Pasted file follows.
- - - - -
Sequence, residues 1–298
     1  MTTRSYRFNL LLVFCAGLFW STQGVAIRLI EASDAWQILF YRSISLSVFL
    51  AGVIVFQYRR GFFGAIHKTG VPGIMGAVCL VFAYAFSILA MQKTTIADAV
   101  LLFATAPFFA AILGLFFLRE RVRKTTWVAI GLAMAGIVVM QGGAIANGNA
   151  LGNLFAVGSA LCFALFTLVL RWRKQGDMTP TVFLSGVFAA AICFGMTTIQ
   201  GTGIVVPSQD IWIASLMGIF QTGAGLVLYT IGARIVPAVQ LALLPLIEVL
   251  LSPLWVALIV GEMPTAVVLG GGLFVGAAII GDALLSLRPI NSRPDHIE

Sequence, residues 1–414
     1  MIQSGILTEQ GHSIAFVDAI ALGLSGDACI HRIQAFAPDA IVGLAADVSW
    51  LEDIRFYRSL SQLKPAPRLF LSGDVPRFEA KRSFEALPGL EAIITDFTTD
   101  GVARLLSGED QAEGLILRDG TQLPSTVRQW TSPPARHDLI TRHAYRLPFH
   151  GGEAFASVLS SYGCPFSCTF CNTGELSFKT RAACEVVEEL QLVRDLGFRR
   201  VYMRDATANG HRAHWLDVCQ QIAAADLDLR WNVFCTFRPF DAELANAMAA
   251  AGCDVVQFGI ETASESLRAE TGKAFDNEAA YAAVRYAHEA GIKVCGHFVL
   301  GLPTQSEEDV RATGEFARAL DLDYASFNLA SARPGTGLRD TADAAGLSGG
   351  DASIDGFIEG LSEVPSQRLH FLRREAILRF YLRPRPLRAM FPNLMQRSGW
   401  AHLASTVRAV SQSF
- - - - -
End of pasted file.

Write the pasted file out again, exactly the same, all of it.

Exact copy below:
Sequence, residues 1–298
     1  MTTRSYRFNL LLVFCAGLFW STQGVAIRLI EASDAWQILF YRSISLSVFL
    51  AGVIVFQYRR GFFGAIHKTG VPGIMGAVCL VFAYAFSILA MQKTTIADAV
   101  LLFATAPFFA AILGLFFLRE RVRKTTWVAI GLAMAGIVVM QGGAIANGNA
   151  LGNLFAVGSA LCFALFTLVL RWRKQGDMTP TVFLSGVFAA AICFGMTTIQ
   201  GTGIVVPSQD IWIASLMGIF QTGAGLVLYT IGARIVPAVQ LALLPLIEVL
   251  LSPLWVALIV GEMPTAVVLG GGLFVGAAII GDALLSLRPI NSRPDHIE

Sequence, residues 1–414
     1  MIQSGILTEQ GHSIAFVDAI ALGLSGDACI HRIQAFAPDA IVGLAADVSW
    51  LEDIRFYRSL SQLKPAPRLF LSGDVPRFEA KRSFEALPGL EAIITDFTTD
   101  GVARLLSGED QAEGLILRDG TQLPSTVRQW TSPPARHDLI TRHAYRLPFH
   151  GGEAFASVLS SYGCPFSCTF CNTGELSFKT RAACEVVEEL QLVRDLGFRR
   201  VYMRDATANG HRAHWLDVCQ QIAAADLDLR WNVFCTFRPF DAELANAMAA
   251  AGCDVVQFGI ETASESLRAE TGKAFDNEAA YAAVRYAHEA GIKVCGHFVL
   301  GLPTQSEEDV RATGEFARAL DLDYASFNLA SARPGTGLRD TADAAGLSGG
   351  DASIDGFIEG LSEVPSQRLH FLRREAILRF YLRPRPLRAM FPNLMQRSGW
   401  AHLASTVRAV SQSF